Daniel Slabbert

Daniel Slabbert

Daniel Slabbert: The essence of Time

Time is without question life’s most precious commodity. We never have enough of it. Wish we could go back in time to a particular period in our lives. Once against him, time has been a central character in leg-amputee Daniel Slabbert’s life. Now, as he enjoys a golf for the disabled competitive renaissance, time is finally working for the man from Kathu.

Jumping on a trampoline in September of 2005, Slabbert landed awkwardly and was propelled towards a wall, his leg slamming through a window. With bone exposed and a makeshift tourniquet wrapped around his leg, Daniel and his father made the harrowing 40 kilometre drive to the nearest hospital in Kathu.

Ill-equipped to deal with such extensive damage, Slabbert was transferred to a hospital in Kimberley. With every minute vital, one of the ambulance’s tyres bursting was the last thing Slabbert needed.

Upon arrival, the doctors worked feverishly to do all they could to preserve not just Slabbert’s leg but his life.

“”The doctors began operating and did try to save the leg but given how much blood I’d lost, saving my leg was secondary to saving my life,” Slabbert recalls.

“On the second day after the accident, I’d developed gangrene which put my kidneys under pressure and my Dad told me they’d need to amputate the leg.”

Seven days in the hospital followed before a laborious rehabilitation process during which Slabbert began adapting to wearing and functioning with a prosthetic leg.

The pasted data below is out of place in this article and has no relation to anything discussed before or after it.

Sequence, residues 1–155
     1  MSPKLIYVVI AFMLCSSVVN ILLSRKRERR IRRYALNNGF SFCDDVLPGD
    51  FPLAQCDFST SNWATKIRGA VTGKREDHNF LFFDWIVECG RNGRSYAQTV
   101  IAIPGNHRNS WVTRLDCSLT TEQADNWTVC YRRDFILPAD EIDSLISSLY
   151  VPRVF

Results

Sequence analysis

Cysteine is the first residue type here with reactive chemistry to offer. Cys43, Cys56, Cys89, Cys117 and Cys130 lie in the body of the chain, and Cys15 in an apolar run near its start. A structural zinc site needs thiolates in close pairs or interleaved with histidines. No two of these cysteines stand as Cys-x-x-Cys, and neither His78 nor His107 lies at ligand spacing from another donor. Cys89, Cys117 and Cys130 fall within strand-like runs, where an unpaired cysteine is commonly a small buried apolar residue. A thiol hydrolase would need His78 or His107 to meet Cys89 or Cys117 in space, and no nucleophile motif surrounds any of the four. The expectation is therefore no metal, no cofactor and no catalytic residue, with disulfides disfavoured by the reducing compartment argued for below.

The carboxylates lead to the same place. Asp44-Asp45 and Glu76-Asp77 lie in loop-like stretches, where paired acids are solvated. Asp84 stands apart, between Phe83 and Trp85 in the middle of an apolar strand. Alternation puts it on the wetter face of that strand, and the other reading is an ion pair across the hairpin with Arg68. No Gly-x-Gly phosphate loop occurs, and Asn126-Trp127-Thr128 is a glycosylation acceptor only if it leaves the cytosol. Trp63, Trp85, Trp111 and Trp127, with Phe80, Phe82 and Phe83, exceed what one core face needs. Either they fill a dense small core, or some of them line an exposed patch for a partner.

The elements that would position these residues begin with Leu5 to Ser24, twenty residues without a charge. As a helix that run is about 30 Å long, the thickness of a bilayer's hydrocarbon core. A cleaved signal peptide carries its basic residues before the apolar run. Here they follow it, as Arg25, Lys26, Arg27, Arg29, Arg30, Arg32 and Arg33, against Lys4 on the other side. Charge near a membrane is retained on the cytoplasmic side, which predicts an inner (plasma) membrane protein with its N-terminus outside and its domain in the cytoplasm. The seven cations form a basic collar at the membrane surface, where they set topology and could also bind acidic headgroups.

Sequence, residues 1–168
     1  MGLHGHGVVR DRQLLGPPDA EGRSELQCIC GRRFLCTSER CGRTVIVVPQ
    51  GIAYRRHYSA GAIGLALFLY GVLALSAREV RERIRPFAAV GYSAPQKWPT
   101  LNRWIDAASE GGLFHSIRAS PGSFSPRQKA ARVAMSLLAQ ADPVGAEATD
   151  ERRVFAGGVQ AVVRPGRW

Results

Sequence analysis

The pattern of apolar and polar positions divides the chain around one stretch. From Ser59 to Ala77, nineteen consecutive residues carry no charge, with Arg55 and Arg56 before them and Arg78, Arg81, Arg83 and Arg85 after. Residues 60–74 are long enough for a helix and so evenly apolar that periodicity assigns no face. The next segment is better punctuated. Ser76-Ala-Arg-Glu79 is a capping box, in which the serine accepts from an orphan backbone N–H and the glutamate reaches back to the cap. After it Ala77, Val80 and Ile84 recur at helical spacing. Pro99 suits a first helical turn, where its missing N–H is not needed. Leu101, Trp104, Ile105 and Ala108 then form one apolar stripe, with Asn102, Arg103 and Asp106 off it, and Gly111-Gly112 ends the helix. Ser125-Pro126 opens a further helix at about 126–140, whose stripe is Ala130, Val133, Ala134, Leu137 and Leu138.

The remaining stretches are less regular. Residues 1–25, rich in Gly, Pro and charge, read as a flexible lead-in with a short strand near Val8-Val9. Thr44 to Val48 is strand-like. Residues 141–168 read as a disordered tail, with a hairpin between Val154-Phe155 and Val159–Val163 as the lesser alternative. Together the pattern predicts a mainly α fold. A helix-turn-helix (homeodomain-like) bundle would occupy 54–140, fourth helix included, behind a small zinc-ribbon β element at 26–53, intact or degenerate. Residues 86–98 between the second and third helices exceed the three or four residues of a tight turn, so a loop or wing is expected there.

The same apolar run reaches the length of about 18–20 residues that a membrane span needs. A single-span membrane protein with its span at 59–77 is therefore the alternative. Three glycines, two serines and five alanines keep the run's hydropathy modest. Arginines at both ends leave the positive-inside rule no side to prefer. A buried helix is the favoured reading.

Slabbert may have lost his leg but what he hadn’t lost was his love of golf, first cultivated by hitting golf balls around his family farm.

“I just wanted to get back to playing golf and through a lot of effort I was able to start chipping again.”

It took the better part of seven months for the wound on Daniel’s stump to heal and afford him the opportunity to begin piecing together his golf game again.

Piece it together he most certainly did…

When this writer first joined the South African Disabled Golf Association back in 2018, I heard a number of stories about a leg-amputee from a remote part of the Northern Cape who’d enjoyed tremendous success in the South African Disabled Golf Open, winning four titles in five years from 2011. The buzz around Slabbert at the time was in stark contrast to his quiet departure from the SADGA spotlight and competitive golf for the disabled altogether soon after.

As time went on, Slabbert took on a mythical quality in my mind and it wasn’t until 2023 that the once-dominant player made his return. The competitive landscape had changed in his absence, the annual SA Disabled Golf Open replaced by the 4-event SADGA Open Series.

What hadn’t changed was Slabbert’s ability to win. He emerged victorious in both the NOMADS Joburg Disabled Open and the Jedeal Construction Disabled Open in 2023, by three and eight strokes respectively. Like he never left.

Slabbert’s results may not have changed over time but what had changed was his mindset.

“When you are young you aren’t really bothered when things don’t go your way on the course, you’re just happy to be in competitions.”

“I call it playing ‘young and dumb’ whereas nowadays especially through the coaching I do, I think about the game in a different way and play according to whether I have my A, B or C game.”

Coaching commitments mean that time isn’t always on Slabbert’s side as far as prepping for an event goes. 

His travel arrangements will preclude him from playing a practice round ahead of the Country Club Johannesburg Disabled Open. Not necessarily a bad thing. 

“When you play it’s sometimes better to not think, just do. Sometimes I think it’s better to switch off and use the capability I have at the moment and play the young and dumb golf again,” he says.

Now’s as good a time as any to return to a strategy that’s worked for Slabbert time and again. 

Photo: Nic Bothma/ Matrix Images


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